The hot waters of the strained Strait of Hormuz – explainer
The recent attacks on two oil tankers on the Strait of Hormuz have sparked global conversation due to the passageway’s strategic location, and its role as a vital gateway to the global oil industry.
Euronews and DW present an overview on the importance of the location.
The Gulf of Oman is connected with the Persian Gulf through the Strait of Hormuz. The latter is one of the most important waterways globally and is particularly crucial for oil transports from the Gulf region.
Members of OPEC, Saudi Arabia, Iran, the United Arab Emirates, Kuwait and Iraq, export most of their crude across the Strait. In fact about one-fifth of global oil shipments pass the Strait of Hormuz, amounting to 17.4 million barrels per day in the first half of last year. According to Vortexa analysts, global demand is about 100 million barrels per day.
Qatar, the world’s largest liquefied natural gas (LNG) exporter, sends almost all its production across the Strait.
The route connects many different powers and oil market players, including Saudi Arabia, Iran, the United Arab Emirates, Kuwait and Iraq. At one point along the route, the strait is less than 50 kilometers (31 miles) wide, but the actual width of the fairway for the huge tankers is roughly 3 kilometers in both directions, meaning the waterway is an easily controllable, neuralgic place.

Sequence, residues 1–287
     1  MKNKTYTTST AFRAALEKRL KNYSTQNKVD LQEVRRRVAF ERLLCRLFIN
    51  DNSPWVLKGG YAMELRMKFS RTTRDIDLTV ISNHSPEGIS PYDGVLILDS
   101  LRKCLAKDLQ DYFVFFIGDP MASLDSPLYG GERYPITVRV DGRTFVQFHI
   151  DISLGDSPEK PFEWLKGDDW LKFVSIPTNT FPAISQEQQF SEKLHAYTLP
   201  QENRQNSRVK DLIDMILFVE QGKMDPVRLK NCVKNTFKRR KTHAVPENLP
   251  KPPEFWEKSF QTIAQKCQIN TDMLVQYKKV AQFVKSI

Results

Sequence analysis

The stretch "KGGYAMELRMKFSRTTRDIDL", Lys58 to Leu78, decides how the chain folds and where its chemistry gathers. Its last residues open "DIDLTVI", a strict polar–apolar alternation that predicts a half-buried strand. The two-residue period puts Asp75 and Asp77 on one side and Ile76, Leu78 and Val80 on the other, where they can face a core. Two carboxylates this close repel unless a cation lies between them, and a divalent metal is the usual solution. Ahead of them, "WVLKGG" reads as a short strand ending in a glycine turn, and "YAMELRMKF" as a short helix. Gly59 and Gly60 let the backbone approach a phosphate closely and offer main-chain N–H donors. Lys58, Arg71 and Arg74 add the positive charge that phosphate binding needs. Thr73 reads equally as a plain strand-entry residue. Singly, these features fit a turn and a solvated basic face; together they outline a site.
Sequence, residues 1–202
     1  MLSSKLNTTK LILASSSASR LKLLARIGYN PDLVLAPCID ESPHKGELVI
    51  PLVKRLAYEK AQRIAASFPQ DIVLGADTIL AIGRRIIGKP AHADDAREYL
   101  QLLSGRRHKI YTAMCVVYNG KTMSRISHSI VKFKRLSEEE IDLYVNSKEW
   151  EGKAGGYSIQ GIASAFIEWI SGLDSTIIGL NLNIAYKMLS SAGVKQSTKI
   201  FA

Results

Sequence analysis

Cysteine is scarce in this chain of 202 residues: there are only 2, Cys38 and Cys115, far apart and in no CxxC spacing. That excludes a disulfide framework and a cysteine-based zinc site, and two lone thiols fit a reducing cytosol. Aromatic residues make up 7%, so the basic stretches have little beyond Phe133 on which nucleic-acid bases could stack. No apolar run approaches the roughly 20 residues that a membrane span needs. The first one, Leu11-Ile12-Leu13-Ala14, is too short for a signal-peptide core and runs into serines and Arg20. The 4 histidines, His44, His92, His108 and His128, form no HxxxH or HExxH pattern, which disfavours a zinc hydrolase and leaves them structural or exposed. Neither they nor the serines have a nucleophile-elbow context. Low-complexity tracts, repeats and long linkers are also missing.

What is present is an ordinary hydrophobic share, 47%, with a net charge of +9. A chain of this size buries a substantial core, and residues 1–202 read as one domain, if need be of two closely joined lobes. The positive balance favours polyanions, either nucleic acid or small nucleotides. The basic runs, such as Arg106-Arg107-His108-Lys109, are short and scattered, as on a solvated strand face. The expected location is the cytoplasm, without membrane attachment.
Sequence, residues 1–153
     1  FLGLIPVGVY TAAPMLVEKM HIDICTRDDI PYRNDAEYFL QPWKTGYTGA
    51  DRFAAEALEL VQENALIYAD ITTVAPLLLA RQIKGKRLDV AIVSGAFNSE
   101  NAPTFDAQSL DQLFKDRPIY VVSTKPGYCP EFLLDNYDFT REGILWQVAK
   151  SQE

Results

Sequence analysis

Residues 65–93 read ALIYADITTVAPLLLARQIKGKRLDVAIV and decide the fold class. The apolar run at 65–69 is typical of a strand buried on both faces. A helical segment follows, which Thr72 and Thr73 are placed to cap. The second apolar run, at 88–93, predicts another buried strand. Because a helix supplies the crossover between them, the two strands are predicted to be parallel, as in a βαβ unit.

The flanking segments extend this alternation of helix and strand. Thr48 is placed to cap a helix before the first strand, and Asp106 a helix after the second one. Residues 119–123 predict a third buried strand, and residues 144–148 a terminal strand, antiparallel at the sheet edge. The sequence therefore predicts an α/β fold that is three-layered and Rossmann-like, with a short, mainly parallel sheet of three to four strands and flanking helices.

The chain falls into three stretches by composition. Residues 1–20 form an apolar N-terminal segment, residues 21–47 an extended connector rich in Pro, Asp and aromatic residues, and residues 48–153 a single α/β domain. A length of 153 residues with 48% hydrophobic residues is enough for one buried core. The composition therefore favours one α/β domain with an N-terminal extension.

The United States has imposed sanctions on Iran with the objective of cutting its oil exports, a position that favours Saudi Arabia, its regional ally and Iran’s enemy. On the other hand, Iran has threatened to stop oil shipments through the Strait of Hormuz if the United States tries to strangle its economy. The United States Fifth Fleet, based in Bahrain, is tasked with protecting commercial shipping in the area.
Past major incidents
During the Iran-Iraq war of 1980-1988, the two sides sought to disrupt the other’s oil exports in what was known as the tanker war.
In July 1988, the US warship Vincennes shot down an Iranian passenger plane, killing 290 people on board, in what Washington called an accident, and Tehran a deliberate attack.
In early 2008, the United States said Iranian vessels had threatened three US military vessels in the deep sea.
In July 2010, the Japanese tanker M Star was attacked in the Strait by a militant group called Abdullah Azzam Brigades, linked to the Islamist terrorists of al-Qaeda, who claimed responsibility.
In January 2012, Iran threatened to block the Strait in retaliation for US and European sanctions against its oil production to try to stop its nuclear program.
In May 2015, Iranian vessels seized a container ship in the port of Tehran.
In July 2018, President Hassan Rouhani hinted that Iran could disrupt cross-strait oil trade in response to US appeals to reduce Iran’s oil exports to zero.
In May 2019, four vessels – including two Saudi oil tankers – were attacked off the coast of the United Arab Emirates near Fujairah, one of the world’s largest fuel supply centers, at the gates of the Strait of Hormuz.